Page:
Intraoperative cholangiography is another tool that may assist in identifying the biliary anatomy during difficult dissection, and it may be helpful to decrease the incidence of bile duct injury in laparoscopic cholecystectomy.29
Surgeons who perform single incision laparoscopic cholecystectomy should be experienced in performing and interpreting cholangiograms, because misinterpretation of the images is common.30
A single incision laparoscopic cholecystectomy may need to be converted to a laparoscopic cholecystectomy, if not open, when the operation is complicated by uncertain anatomy or when bile duct injury is suspected.
Regardless of the approach used to remove the gallbladder, the most reliable technique to prevent bile duct injury is to obtain the critical view of safety. This entails dissecting Calot's triangle free of all tissue except the cystic duct and artery, with the base of the liver bed exposed. Although single incision laparoscopic cholecystectomy is limited by restricted movements, difficulty to achieve triangulation, poor visibility as a result of lack of smoke evacuation, and inability to change the camera angle, this very same standard should apply. If there is lack of progression during the procedure due to anatomical variants or inadequate retraction via a single incision, the surgeon should convert to a 4-port or open cholecystectomy. If the patient has acute or chronic inflammation, a large stone in the pouch of Hartmann, adhesive bands between the gallbladder and common hepatic duct or intrahepatic gallbladder, Calot's triangle could be obliterated. This may render dissection dangerous. A safe and acceptable strategy would be to abort the procedure, place a drain and transfer the patient to a center with extensive hepatobiliary expertise.27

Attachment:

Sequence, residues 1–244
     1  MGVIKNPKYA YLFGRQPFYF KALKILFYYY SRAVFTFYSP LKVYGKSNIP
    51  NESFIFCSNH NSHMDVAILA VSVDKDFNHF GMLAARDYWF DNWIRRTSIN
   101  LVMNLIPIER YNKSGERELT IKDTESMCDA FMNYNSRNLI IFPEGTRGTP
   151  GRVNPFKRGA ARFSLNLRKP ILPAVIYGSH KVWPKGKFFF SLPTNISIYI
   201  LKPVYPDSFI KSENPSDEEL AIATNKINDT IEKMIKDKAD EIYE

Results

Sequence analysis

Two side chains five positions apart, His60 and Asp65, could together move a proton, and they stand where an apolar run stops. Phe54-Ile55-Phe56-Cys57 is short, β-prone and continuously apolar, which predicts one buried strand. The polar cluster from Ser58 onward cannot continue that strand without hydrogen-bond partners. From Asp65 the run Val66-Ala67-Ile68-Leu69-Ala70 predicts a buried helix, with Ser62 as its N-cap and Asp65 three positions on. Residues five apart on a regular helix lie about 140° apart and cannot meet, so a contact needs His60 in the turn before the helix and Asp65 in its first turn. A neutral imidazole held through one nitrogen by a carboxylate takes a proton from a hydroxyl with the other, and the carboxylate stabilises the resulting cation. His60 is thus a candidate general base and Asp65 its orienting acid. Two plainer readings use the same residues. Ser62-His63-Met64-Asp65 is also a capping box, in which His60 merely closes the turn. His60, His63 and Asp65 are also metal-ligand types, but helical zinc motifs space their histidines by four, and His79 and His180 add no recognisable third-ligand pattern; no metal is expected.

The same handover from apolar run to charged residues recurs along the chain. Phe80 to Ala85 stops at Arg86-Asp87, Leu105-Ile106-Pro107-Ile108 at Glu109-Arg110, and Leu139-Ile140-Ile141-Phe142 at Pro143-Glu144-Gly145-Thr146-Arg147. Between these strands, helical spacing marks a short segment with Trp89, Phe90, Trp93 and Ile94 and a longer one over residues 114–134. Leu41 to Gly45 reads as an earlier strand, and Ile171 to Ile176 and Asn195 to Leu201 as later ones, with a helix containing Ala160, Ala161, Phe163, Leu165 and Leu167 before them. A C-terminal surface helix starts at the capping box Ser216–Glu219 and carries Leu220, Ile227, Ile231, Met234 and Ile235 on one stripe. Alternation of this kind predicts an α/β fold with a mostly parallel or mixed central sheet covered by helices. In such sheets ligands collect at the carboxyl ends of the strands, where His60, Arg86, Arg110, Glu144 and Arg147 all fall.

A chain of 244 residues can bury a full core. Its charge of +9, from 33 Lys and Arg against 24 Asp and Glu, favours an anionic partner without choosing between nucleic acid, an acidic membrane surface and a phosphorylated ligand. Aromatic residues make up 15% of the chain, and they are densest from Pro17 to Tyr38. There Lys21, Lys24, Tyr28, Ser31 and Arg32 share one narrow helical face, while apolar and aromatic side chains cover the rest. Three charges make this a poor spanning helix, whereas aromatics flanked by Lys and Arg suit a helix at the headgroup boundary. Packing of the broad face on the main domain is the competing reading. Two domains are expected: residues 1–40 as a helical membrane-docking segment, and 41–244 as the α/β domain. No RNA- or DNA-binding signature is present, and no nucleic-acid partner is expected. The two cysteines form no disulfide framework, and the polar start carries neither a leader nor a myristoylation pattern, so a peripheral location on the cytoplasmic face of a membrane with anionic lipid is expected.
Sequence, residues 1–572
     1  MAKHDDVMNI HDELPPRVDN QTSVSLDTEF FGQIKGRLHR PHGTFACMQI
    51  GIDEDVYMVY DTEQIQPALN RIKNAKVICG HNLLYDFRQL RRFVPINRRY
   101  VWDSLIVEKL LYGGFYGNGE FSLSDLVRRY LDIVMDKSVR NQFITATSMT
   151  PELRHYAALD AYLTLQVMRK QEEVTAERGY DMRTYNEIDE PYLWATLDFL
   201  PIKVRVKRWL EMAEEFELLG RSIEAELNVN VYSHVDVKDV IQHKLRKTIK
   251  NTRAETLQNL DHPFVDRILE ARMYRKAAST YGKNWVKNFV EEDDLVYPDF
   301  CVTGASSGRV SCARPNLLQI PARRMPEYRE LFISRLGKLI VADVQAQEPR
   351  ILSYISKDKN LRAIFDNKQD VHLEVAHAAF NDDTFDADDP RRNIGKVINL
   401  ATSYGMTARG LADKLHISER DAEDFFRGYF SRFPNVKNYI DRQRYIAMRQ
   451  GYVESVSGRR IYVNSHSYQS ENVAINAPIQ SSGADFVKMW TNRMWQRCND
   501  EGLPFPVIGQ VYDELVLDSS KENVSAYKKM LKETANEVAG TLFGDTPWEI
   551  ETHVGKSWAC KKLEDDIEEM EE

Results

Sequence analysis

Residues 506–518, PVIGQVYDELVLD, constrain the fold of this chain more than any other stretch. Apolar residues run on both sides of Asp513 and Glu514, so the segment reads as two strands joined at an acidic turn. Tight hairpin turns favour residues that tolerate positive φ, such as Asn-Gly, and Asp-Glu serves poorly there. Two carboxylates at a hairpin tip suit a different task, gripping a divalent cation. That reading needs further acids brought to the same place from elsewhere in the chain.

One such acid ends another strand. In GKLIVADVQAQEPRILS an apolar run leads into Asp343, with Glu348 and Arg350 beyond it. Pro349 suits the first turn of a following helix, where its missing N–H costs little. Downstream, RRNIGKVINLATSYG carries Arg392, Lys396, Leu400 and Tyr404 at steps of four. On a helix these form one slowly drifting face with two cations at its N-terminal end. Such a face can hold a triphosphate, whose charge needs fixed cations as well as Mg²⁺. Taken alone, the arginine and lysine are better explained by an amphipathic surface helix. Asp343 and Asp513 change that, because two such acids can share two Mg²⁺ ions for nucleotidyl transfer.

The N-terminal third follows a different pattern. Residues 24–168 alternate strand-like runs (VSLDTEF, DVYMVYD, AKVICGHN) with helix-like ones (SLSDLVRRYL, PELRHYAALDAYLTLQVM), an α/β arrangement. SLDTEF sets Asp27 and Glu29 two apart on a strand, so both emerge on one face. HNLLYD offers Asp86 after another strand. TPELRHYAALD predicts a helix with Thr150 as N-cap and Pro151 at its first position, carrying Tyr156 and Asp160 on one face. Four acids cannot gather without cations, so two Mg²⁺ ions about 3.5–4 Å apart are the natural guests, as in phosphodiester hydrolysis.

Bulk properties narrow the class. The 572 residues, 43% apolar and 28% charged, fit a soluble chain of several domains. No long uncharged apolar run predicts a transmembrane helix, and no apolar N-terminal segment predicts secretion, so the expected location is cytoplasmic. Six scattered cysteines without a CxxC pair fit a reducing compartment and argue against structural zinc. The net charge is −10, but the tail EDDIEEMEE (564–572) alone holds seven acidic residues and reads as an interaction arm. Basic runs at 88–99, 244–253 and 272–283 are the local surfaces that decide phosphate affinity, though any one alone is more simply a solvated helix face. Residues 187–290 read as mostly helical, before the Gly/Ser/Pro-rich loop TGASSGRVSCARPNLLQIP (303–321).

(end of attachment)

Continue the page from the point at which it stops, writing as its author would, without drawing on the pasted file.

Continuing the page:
We advocate not using the infundibular technique, which involves clearing only the tissue around the cystic duct/CBD junction, which has a higher likelihood of misidentification injury especially during single incision laparoscopic cholecystectomy.
Single incision cholecystectomy represents a surgical innovation that is developing so fast that its clinical validation is lacking. Traditionally, many surgical procedures were developed on a trial and error basis. This may raise concern for patient safety. A framework to evaluate the safety of new procedures is necessary to protect patients; however, the framework must also be flexible so as not to obstruct improvement in surgical technique.31
Surgeons involved in improving surgical procedures must have a thorough understanding of how various approaches work to minimize patients' risks. Ideally, the safety data for a new technique should not be based on case series alone but should be evaluated in a randomized controlled fashion. An online database should be created for single incision cholecystectomy, perhaps similar to the one created by the Natural Orifice Surgery Consortium for Assessment and Research (NOSCAR) group, with all cases recorded in a registry.32
It will allow critical evaluation of outcomes of patients undergoing single incision cholecystectomy and may facilitate standardization of outcome comparisons.
While single incision laparoscopic cholecystectomy may play an important role in the future of minimally invasive surgery, its development and application is not without risks as demonstrated by this case report. It is imperative that surgeons better define the surgical approach to achieve the critical view of safety and select the appropriate patients. Combined with further advances in single incision laparoscopic instrumentation, such as articulating instruments and flexible laparoscopes, the clinical outcome for single incision laparoscopic cholecystectomy can be expected to improve. The safety profile for single incision laparoscopic cholecystectomy requires further prospective study to compare standard laparoscopic cholecystectomy with single incision laparoscopic cholecystectomy.